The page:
Most of us don’t think very deeply about the parts of our teeth—other than the need to brush, visit the dentist, and keep ‘em healthy. But teeth are one of the most evolved specialized organs in your body, and they have a huge job: to nourish and keep us alive!
While your teeth are pretty small compared to other parts of your anatomy, all teeth comprise six parts, with each component performing a unique task. Knowing more about your teeth’s anatomy makes it easier to understand why good dental care is so important over your lifetime.
Let’s look at which part of each tooth does what, from outside in:
Essentially the “top” of your tooth, the crown is what we see and what we use for chewing, talking, smiling, and more. Different teeth have different crown shapes. The incisors are those eight front teeth on your upper and lower jaw, used for biting and ripping. Canines, the four pointy ones on either side of your mouth, help you pierce a piece of steak or bite into that apple. The molars in the back of our mouths are flat, helping us grind down food further as we eat.
Your teeth absorb lots of wear and tear over the course of a lifetime, so they need protection—that’s the job of enamel, the hardest and most resilient tissue in the human body. Not only does enamel protect your crown against the daily chewing, crunching, and munching we do, it also insulates teeth from too hot or cold temperatures and protects the tooth’s more fragile parts, the dentin and pulp. Protecting the layer of enamel on your teeth is critical to preventing tooth decay.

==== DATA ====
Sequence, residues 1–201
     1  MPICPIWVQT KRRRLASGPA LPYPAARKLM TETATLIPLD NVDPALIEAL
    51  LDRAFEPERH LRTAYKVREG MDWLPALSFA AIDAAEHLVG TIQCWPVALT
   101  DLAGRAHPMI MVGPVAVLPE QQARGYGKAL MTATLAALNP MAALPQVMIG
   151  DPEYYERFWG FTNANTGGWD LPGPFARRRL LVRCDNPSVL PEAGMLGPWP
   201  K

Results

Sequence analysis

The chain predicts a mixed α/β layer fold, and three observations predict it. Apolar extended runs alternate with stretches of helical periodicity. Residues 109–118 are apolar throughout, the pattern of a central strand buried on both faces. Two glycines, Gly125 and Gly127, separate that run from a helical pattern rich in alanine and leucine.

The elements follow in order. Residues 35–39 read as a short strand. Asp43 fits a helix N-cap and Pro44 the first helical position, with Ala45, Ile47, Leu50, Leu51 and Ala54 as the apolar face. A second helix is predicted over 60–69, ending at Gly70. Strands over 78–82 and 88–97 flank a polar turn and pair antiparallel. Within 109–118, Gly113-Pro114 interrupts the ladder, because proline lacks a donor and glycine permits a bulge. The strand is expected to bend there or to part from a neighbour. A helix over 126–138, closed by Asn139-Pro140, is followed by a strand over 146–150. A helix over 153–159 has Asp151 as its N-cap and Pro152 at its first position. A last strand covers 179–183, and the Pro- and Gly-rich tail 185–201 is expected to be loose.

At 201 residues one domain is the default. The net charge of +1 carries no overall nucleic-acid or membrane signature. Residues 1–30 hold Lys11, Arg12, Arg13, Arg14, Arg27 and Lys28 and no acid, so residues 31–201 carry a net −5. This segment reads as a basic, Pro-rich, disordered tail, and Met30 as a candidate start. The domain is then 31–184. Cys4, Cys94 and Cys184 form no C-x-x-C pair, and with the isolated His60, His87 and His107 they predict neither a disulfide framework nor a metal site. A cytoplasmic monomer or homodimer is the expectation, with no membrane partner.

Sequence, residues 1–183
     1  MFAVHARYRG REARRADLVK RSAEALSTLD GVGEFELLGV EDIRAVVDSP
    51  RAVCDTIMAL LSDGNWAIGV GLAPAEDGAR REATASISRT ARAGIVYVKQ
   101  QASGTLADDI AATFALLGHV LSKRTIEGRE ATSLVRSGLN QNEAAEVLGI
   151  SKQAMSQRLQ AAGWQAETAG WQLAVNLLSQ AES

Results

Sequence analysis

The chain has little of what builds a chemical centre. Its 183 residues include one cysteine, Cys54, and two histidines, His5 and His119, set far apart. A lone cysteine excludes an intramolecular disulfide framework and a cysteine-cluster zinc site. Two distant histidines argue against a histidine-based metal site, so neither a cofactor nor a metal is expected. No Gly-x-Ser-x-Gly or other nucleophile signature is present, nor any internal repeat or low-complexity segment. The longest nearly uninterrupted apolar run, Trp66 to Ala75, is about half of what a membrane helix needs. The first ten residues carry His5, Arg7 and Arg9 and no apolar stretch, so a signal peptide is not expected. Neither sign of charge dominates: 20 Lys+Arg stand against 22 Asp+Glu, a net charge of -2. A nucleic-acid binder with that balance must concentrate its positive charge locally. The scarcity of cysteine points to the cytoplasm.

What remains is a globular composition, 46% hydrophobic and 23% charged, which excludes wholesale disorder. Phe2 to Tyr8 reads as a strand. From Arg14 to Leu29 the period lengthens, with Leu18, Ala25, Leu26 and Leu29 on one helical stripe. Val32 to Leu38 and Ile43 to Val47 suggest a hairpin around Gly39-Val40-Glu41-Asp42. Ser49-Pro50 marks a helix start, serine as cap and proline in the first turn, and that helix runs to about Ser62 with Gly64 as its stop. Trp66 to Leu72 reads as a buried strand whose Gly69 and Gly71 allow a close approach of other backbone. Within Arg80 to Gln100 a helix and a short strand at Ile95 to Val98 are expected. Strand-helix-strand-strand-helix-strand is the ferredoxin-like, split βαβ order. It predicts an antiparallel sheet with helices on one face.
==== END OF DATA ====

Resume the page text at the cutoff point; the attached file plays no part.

Think of dentin as the core of your tooth. The layer just underneath the tooth enamel surface, dentin makes up most of a tooth’s structure. If your gums recede, exposing the dentin of your teeth, things are going to get painful. Why? The microscopic tubules in dentin are now allowing hot or cold foods to stimulate a nerve in your tooth. OUCH!
Tooth, meet gums. At the base of the crown, your gumline covers the largest part of your tooth—and the parts of teeth that keep your tooth alive and healthy. The takeaway here: keep things clean and free of food by brushing and flossing carefully along your gumline to prevent tooth decay. Check out our guide on how to keep your gums healthy to learn more about gum health and preservation.
This soft tissue is in the center of your tooth and is full of large nerves, connective tissue, and blood vessels. The pulp branches out and continues down each root through the canals of the tooth. Its job is to form dentin and to keep blood flowing to help prevent your teeth from becoming brittle.
This part of teeth anatomy holds the tooth in place. The root extends into your mouth’s jawbone and makes up about two-thirds of the tooth. The root also enables teeth to withstand the force of biting and chewing.
Each of these parts of teeth plays a vital role in our health—and they’re pretty fascinating too! Now that you’re more tooth savvy, stay committed to keeping them healthy with proper teeth brushing and regular dental checkups.
Questions about your oral health? Your team at CNS Dental is always here to help–be sure to talk to us at your next visit!